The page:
_transforms = Compose([RandomResizedCrop(size), ToTensor(), normalize])

def transforms(examples):
	examples["pixel_values"] = [_transforms(img.convert("RGB")) for img in examples["image"]]
	del examples["image"]
	return examples

beans_transformed = beans_train.with_transform(transforms)

data_collator = DefaultDataCollator()

Let’s understand what is happening in the above code:

  • First, we load the pre-trained image processing model checkpoint from google/vit-base-patch16-224-in21k.
  • Then, we create an image processor for this model, which includes normalization parameters and preferred image size.
  • Furthermore, a normalization transformation is defined using the mean and standard deviation from the image processor.
  • The image size for transformations is determined, defaulting to the shortest edge or specified height and width.
  • A series of transformations (_transforms) is composed, including random cropping, tensor conversion, and normalization.
  • A transforms helper function is defined to apply these transformations to the "image" field of input examples, converting images to RGB and removing the original "image" field.
  • The beans_train dataset is transformed using the transforms function, preparing it for model training.
  • Finally, a default data collator is instantiated for batching the data during training.

After these setups, the evaluation metric that is used to evaluate the model performance is the accuracy metric, which is implemented using the following helper function.

accuracy = evaluate.load("accuracy")
def compute_metrics(eval_pred):
   predictions, labels = eval_pred
   predictions = np.argmax(predictions, axis=1)

   return accuracy.compute(predictions=predictions,

Training Your Model with Hugging Face

Before the model training process, the actual model is defined by leveraging the pre-trained model using the .from_pretrained function as follow

model = AutoModelForImageClassification.from_pretrained(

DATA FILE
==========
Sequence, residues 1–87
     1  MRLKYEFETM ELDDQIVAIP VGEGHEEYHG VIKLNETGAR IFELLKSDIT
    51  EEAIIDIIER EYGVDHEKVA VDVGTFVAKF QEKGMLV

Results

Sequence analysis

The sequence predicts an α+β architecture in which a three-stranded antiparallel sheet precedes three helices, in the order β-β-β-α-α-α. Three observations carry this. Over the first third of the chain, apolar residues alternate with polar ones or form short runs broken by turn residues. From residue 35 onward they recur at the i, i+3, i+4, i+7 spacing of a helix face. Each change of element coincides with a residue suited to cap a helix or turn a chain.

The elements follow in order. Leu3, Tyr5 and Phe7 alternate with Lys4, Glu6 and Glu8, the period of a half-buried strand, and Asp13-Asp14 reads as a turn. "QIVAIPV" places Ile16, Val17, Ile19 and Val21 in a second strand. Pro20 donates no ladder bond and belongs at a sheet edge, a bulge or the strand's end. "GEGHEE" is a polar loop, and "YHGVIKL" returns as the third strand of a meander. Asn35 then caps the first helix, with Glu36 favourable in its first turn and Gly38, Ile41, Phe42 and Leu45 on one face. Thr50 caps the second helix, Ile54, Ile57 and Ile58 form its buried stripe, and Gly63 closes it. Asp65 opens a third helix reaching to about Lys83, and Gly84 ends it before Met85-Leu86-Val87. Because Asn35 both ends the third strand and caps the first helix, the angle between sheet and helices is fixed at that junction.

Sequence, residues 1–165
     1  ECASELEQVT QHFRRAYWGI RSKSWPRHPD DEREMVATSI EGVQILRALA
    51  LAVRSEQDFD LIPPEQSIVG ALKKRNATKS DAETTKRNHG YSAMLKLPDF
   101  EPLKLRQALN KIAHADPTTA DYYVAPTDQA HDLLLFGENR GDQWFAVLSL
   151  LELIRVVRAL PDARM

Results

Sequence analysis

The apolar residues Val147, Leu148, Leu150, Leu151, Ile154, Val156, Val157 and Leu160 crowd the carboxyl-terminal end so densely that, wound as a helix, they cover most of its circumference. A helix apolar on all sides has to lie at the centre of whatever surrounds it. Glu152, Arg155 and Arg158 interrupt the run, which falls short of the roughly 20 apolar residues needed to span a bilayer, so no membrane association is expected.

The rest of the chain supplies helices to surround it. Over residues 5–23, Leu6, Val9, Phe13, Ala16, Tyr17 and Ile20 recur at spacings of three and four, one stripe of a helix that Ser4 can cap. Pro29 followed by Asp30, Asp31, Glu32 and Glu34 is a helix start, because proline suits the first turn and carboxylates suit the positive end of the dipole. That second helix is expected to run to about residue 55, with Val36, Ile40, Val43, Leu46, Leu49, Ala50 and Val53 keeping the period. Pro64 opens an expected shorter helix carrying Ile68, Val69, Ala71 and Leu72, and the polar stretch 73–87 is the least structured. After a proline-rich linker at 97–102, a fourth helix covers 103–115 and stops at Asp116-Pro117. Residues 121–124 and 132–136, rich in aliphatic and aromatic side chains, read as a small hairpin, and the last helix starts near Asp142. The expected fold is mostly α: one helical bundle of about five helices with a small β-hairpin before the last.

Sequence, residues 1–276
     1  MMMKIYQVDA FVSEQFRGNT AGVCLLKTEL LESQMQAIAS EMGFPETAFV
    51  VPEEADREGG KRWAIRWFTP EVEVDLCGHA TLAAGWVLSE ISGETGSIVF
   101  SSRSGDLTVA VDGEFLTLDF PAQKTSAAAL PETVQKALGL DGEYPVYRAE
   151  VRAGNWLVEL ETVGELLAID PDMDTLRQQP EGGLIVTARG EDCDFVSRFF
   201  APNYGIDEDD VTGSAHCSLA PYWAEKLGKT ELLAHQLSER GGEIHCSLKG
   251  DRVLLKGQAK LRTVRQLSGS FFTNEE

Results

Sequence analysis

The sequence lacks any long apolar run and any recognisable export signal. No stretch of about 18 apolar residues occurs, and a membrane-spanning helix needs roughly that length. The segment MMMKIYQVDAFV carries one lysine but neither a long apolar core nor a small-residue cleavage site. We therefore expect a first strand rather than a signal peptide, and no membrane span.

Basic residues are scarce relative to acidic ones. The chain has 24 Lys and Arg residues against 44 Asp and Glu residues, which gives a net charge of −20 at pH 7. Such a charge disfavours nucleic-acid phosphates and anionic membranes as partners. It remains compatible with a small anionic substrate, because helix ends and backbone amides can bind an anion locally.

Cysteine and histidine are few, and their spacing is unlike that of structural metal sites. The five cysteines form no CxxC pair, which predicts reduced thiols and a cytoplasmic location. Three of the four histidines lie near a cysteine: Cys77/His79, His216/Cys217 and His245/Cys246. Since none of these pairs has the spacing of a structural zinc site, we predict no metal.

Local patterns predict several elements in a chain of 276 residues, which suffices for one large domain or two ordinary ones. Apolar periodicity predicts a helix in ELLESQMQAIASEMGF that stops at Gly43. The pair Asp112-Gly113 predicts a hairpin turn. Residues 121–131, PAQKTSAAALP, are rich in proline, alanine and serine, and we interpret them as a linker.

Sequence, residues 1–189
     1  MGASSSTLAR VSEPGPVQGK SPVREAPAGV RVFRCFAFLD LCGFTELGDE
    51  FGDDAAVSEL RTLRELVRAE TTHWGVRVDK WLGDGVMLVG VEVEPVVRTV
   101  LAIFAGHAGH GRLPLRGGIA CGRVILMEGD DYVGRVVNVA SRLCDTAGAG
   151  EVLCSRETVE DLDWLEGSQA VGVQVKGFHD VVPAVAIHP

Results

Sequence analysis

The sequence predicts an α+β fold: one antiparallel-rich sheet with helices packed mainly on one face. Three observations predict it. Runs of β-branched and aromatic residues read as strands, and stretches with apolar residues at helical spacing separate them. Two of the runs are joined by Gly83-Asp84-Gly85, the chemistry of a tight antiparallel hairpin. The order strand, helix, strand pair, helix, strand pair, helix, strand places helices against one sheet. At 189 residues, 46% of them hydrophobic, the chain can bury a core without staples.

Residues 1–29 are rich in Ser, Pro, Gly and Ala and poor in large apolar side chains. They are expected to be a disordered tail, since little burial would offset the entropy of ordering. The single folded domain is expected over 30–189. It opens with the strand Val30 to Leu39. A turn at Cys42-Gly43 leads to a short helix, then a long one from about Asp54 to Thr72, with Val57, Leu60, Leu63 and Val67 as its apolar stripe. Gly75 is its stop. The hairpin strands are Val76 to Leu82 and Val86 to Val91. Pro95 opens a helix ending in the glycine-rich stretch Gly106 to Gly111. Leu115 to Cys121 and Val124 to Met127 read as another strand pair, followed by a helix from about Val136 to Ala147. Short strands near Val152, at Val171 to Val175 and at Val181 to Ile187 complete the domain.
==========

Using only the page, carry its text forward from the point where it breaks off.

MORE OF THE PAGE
Fine-tuning and evaluation

The next step is to set up the model by configuring and initializing the training environment.

The setup includes specifying the necessary hyperparameters related to the mode training, evaluation, and optimization.

But before that, we need to log in to our Hugging Face account using our account credentials, which can be acquired as follows:

4 main steps to acquire the Hugging Face credentials

Main steps to acquire the Hugging Face credentials

By logging into our Hugging Face account, we can upload and share our trained models with the community. Next, the authentication process is triggered using the notebook_login function.


When prompted, provide the connection token, as copied in step 4 from the guide above.

After a successful login, the following message should be displayed:

successful login message

The configuration and initialization code is provided below:

training_args = TrainingArguments(

trainer = Trainer(
  • TrainingArguments are configured with specific parameters such as the output directory, evaluation and saving strategy per epoch, learning rate, batch size, gradient accumulation steps, and other settings aimed at optimizing the training process and model performance.
  • A Trainer object is initialized with the previously defined model, training arguments, data collator for batching, train and evaluation datasets, a tokenizer (or image processor in this case) for data preprocessing, and a function to compute metrics for evaluation.

Now comes the training training phase, which is done using the .train function.


This specific training led to the following metrics:

Model training result for 3 epoches

Model training result for three epochs

We can see that the table displays the progression of model training over three epochs on your beans dataset, showcasing three key metrics: training loss, validation loss, and accuracy.

  • Training loss: Decreased from 1.02800 in the first epoch to 0.53470 in the third, indicating the model is learning and improving its performance on the training data over time.
  • Validation loss: Also decreased from 0.77973 to 0.43553 from the first to the third epoch, suggesting the model is generalizing well and not overfitting to the training data.
  • Accuracy: There's a consistent increase from 85.5072% in the first epoch to 94.2029% in the third epoch, reflecting a decent improvement in the model's ability to correctly classify the beans images in the validation set.

Deploying Your Image Classification Model

When authenticating to the Hugging Face portal for the first time, the connection mode was Read only. However, we need a write credential to be able to push our model to the Hugging Face hub.